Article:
Fear of democracy in the Jewish community

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Last week a number of Jewish groups staged a historic debate inside a New York synagogue of the question, Can a Jewish state be democratic? Alex Kane reported on the discussion last week, but I wanted to convey my impressions. 

The actual business of the debate was bracing: virtually everyone in the room acknowledged that Israel’s political values are completely inconsistent with U.S. democratic values. But the running theme of the discussion was fear:  even in this leftwing Jewish space there was an awareness of the fear in the broader Jewish community about what is going to happen to Israel. And the panelists all in their way called on us to be sensitive to those fears if not to respect them.  Moderator Lizzy Ratner began the evening with a parable aimed at proving that Jews can discuss these things as Jews and the sky won’t fall: she quoted the Talmud, a passage involving a dispute between the houses of Hillel and Shamai, in which a heavenly voice was heard to say that both sides are the word of God. 

Here’s a short list of other fears people addressed:

To begin with, the fear of having the discussion, which had caused the Upper West Side synagogue Ansche Chesed to back out and Rabbi Sharon Kleinbaum of the downtown LGBT-focused synagogue Beit Simchat Torah to step in. Then there was the fear of historical Jewish persecution, which every speaker referred to. This included fear of another wave of anti-Semitism–the likelihood of  which, Marilyn Kleinberg Neimark said boldly, Israel’s conduct was enhancing globally rather than lessening. Rebecca Vilkomerson of Jewish Voice for Peace called on us to attend to the Israeli Jewish fears about losing power, and JJ Goldberg of the Forward echoed this, saying that top generals and Mossad chiefs are terrified by what is happening to Israeli society. Of course Goldberg also mentioned the fear of Palestinians: he said Israelis are scarred by the second intifada and angry about it. And he spoke of the fear felt by American Jews of losing the dream and responsibility involved in supporting the Jewish state: he said they are afraid of the growing delegitimization of Israel on the left. That is surely why Ansche Chesed refused to have the conversation.  

Sure sounds like a lot of handwringing! And Ratner ended the evening by declaring firmly that the conversation must now continue outside the Jewish community, with non-Jews participating. I can’t wait. But for the time being the handwringing seems a necessary component of the American Jewish awakening to apartheid; so let me quote from three statements by panelists that capture the mood of the night.

Rebecca Vilkomerson, who has lived in Israel, spoke forcefully about Israeli Jewish fears and called on others to use a language of hope not fear so as to urge that society forward toward equal rights– which she said emphatically is the only guarantee of safety.

She described the positive feeling she had on first arriving in Israel of being among people who look more or less like herself, a positive feeling she has even now when she watches Tel Aviv wind down on Friday as the Sabbath approaches.

“That feeling of living in a society where culture is dominant is for many of us if not most of us [Jews] in the United States really pretty seductive because it’s not something that we experience here. At the same time I cant justify to myself the oppression of another people for the sake of that feeling. There’s no getting around the fact that Israel is based on a system of ethnic supremacy, and that what kind of life you can lead there is largely determined by whether you are Jewish or not.”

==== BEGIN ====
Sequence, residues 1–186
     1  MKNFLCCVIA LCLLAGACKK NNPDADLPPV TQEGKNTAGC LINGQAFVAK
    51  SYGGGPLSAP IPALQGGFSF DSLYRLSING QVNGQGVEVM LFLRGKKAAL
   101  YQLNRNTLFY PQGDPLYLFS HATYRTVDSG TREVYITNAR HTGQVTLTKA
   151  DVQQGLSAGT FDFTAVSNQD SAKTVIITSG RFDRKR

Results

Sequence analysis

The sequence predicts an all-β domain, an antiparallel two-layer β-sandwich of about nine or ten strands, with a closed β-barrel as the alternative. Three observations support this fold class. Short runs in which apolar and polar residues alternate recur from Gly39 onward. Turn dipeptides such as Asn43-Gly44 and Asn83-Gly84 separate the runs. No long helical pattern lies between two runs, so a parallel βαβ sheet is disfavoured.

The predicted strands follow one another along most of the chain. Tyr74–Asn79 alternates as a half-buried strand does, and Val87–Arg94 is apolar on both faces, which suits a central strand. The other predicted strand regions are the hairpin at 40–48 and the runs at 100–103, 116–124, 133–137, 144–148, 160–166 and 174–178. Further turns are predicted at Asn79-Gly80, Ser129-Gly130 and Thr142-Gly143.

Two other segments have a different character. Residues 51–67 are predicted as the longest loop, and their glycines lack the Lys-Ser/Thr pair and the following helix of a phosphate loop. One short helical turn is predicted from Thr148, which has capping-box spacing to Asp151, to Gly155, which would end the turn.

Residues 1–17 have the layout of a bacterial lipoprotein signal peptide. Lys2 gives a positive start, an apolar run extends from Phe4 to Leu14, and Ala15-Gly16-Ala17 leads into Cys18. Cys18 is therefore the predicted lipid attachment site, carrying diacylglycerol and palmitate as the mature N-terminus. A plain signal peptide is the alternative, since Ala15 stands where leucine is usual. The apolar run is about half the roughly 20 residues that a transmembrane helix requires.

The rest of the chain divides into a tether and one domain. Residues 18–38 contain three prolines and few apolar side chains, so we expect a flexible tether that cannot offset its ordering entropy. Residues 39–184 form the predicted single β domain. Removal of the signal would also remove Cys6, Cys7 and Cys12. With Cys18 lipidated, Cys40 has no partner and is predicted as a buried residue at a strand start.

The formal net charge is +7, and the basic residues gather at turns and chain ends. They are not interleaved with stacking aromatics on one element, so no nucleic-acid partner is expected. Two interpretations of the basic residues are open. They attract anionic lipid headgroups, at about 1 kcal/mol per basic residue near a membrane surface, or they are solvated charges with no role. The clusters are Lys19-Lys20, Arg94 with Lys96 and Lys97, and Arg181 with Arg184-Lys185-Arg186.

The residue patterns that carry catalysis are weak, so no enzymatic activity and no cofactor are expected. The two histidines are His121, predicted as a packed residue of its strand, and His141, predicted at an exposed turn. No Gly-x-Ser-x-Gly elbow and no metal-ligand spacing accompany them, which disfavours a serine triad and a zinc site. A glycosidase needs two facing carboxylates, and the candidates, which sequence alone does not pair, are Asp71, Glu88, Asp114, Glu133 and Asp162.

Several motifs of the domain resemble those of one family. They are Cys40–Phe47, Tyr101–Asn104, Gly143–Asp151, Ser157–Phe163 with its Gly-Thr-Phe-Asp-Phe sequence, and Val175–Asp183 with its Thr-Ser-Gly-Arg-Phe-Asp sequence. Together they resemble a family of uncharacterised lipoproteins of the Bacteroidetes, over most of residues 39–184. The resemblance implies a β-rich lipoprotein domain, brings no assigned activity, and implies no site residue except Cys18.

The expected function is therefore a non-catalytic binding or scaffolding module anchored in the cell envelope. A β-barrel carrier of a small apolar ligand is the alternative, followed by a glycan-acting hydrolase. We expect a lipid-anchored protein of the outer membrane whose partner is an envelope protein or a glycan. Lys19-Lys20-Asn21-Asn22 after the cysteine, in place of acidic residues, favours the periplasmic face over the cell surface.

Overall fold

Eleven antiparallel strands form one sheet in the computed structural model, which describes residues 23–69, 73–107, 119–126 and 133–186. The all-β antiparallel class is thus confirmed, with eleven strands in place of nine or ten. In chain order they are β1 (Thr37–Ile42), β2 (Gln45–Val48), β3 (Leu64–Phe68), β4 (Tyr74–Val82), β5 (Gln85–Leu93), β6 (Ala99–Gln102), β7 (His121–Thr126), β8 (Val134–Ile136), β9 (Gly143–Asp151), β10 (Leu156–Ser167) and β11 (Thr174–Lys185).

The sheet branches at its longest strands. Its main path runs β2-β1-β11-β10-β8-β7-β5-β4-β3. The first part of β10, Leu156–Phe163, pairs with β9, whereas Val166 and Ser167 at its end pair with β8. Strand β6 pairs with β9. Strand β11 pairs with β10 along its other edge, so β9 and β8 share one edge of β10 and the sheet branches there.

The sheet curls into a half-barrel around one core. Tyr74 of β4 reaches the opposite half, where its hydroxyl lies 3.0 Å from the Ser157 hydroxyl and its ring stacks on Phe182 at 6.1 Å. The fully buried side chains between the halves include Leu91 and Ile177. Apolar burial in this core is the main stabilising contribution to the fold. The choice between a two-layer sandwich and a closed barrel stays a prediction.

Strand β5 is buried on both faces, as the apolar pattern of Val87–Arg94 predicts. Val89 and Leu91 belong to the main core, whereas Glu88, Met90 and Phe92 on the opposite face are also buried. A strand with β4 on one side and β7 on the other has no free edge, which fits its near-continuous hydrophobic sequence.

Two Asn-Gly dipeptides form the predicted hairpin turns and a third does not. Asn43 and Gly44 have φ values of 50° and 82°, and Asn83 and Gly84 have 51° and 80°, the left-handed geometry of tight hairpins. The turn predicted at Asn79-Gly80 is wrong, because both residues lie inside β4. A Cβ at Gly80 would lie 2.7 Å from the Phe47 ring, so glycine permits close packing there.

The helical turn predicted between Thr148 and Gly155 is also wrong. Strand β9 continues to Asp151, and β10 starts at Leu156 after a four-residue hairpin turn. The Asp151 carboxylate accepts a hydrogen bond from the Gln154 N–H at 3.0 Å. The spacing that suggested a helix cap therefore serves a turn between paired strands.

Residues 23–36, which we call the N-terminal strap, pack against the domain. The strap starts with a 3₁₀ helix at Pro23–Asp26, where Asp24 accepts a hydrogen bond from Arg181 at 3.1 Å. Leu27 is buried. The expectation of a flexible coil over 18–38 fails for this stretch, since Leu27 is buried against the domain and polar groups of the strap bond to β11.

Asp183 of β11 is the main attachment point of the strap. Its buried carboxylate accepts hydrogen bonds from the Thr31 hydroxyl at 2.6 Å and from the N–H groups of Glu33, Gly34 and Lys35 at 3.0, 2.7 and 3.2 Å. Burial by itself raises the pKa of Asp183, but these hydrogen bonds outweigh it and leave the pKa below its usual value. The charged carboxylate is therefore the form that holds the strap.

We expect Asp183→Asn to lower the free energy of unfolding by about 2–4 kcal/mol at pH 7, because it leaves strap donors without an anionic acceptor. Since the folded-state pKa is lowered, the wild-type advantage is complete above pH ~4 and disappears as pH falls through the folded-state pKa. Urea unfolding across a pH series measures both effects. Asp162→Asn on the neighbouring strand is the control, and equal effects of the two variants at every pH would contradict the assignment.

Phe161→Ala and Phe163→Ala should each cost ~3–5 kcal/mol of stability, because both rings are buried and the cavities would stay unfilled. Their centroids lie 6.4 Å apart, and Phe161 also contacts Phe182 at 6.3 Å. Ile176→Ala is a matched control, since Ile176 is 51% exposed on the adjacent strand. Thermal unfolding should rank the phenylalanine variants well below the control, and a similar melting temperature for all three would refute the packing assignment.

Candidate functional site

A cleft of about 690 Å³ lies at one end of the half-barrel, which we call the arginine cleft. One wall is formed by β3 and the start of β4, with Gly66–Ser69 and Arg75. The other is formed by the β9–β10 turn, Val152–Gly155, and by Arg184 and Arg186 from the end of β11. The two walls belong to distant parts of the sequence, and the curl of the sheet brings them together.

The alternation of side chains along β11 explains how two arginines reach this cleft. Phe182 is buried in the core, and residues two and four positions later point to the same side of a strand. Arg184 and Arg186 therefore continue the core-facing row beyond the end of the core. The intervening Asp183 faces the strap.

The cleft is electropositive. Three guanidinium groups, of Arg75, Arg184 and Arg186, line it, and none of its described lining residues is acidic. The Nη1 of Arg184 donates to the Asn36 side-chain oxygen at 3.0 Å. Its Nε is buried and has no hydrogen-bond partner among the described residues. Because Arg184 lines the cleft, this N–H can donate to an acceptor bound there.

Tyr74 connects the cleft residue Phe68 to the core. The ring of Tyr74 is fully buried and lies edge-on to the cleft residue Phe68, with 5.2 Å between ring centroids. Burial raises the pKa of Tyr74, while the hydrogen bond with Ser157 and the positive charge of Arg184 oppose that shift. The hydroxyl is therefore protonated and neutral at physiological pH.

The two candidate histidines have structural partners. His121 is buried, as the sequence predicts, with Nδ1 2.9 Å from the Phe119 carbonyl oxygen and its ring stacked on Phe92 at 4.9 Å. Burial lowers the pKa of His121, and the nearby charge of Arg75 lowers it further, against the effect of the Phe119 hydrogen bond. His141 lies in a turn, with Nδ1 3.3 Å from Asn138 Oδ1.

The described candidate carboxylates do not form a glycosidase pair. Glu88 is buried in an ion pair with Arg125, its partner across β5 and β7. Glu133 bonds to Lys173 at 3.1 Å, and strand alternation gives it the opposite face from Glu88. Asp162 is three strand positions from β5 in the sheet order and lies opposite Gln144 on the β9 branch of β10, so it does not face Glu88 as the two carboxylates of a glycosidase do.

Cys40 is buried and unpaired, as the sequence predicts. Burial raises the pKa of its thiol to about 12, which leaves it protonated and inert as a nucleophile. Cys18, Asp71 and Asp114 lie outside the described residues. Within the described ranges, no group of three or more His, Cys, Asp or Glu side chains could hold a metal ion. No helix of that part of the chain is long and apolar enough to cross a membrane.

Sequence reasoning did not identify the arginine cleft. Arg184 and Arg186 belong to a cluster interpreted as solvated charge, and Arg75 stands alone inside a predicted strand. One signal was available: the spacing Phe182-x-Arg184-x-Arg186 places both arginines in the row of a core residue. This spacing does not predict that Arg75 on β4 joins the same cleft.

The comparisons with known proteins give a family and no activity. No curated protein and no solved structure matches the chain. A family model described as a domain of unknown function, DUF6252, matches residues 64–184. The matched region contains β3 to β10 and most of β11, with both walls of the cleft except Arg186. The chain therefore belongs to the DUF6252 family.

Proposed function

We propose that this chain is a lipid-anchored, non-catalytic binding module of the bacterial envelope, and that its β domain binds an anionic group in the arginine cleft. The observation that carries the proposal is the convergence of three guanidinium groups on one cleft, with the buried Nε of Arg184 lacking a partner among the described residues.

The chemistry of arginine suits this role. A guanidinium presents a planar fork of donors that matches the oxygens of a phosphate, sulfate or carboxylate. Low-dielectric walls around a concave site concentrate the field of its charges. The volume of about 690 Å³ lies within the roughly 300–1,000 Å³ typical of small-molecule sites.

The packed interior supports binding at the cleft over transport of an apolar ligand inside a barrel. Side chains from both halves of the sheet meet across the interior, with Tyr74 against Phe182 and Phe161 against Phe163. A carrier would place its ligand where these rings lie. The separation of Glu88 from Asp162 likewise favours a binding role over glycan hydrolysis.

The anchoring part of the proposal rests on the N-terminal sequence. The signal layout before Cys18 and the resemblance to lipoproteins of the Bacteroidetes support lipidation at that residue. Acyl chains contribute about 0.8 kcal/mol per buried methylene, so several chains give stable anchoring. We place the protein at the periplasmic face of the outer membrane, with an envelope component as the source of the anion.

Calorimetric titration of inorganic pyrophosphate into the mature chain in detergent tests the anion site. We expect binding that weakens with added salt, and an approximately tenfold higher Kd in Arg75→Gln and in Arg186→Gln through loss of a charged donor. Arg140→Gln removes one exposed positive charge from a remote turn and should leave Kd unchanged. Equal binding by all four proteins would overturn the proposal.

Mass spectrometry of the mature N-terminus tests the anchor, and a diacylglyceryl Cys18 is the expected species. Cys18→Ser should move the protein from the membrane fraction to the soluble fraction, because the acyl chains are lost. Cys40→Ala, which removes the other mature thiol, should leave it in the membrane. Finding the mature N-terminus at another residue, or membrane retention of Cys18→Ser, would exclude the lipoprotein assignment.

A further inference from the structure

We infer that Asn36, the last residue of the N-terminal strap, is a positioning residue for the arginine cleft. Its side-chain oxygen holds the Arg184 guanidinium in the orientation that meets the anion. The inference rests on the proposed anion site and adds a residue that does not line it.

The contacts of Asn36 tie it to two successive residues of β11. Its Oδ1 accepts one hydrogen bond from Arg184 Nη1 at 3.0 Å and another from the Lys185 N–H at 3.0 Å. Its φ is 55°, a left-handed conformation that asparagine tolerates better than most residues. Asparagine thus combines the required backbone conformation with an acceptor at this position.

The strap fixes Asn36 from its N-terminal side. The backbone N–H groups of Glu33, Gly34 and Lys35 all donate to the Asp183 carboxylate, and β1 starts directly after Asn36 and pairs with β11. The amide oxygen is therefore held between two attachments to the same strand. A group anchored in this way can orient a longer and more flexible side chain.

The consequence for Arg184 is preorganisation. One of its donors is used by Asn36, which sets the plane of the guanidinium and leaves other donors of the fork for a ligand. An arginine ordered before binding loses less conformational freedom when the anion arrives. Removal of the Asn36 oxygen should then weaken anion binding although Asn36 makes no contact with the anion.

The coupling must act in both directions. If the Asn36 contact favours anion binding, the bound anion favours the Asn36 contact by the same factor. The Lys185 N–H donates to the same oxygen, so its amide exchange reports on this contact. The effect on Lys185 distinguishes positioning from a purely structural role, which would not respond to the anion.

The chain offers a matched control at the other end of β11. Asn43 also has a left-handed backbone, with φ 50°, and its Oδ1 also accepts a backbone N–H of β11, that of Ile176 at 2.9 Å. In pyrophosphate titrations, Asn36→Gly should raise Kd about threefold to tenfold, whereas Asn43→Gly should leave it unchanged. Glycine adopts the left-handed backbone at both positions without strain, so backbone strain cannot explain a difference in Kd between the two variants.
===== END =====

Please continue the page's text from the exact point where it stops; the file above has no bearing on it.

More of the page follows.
But Vilkomerson stressed her own Americanness, and her pride in this country’s social changes and the Jewish role in those movements.  

“I’m very proud that as a community we’ve often stood in solidarity with those who are oppressed and joined struggles for freedom and equality. And so I see these positions [her own, on equality in Israel] as a continuation of that tradition. But I do think that it’s important to acknowledge the feelings of loss and fear that contemplating a more equal and just society in Israel bring out. As the ones in power we are the ones with the most to lose. The systematic history of persecution of Jews in many eras was real, so these emotions especially of fear have real weight.”

Acknowledging those fears doesn’t mean ennobling them. Yes, there is fear and sadness and discomfort among Israeli Jews about what a thorough transformation of Israeli society would involve. But “those emotions can’t trump” Palestinian rights; and– now addressing the monstrous selfishness of the situation– Vilkomerson said American Jews must ask themselves why Palestinians must be patient “in order to better accommodate our fears.”

“We should remember that the U.S. was founded as a democracy but for a select group, propertied white men.” It then took 100s of years of struggle, carried on by many popular movements, and accompanying Supreme Court decisions, to give all people access to the privileges initially bestowed on one group.

“Today we don’t think of that as a tale of destruction. We think of it as one of the greatest accomplishments we’ve ever made.”

That process is not complete in the U.S. But Vilkomerson concluded by turning the Israeli fears on their head:

“I would ask the question. Why when people push for the same in Israel is that considered a threat?”

JJ Goldberg of the Forward also addressed the fears inside Israel. While he placed himself in the camp of the critics on the panel and in the audience, he called on anti-Zionists to help change the American Jewish community by working inside it, so as to broaden its diversity. It wasn’t entirely clear whether Goldberg, who said he pitches Israel bonds, was calling on anti-Zionists to say good things about the Jewish state. Certainly he wants Israel’s critics to support Israeli liberals, so that that society can “get back to the job of becoming the democracy it should be.”

You cant underestimate the fears of Israelis Jews about violence and American Jews about this whole delegitimization stuff, which I think is a lot of nonsense. But  people are scared.

And in that spirit, he called on Jews “to say, I am part of your community– and to keep your facts straight.”